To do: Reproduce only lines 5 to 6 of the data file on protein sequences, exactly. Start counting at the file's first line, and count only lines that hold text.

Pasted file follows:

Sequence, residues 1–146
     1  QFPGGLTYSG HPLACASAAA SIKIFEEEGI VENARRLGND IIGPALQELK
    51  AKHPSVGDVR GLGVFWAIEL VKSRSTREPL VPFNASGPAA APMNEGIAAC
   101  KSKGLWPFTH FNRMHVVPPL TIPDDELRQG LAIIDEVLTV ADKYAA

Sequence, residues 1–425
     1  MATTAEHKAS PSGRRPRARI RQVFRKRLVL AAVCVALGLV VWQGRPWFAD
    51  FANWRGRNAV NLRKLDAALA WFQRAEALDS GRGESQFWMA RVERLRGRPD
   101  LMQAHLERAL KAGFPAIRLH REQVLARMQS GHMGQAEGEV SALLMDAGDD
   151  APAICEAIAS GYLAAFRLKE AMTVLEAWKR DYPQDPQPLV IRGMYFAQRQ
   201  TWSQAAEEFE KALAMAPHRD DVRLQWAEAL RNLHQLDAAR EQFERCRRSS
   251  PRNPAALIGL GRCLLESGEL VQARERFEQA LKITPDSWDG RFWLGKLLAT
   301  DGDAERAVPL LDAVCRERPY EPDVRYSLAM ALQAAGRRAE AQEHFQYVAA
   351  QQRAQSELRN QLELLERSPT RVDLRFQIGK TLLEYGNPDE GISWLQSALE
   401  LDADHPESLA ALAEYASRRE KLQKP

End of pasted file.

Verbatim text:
Sequence, residues 1–425
     1  MATTAEHKAS PSGRRPRARI RQVFRKRLVL AAVCVALGLV VWQGRPWFAD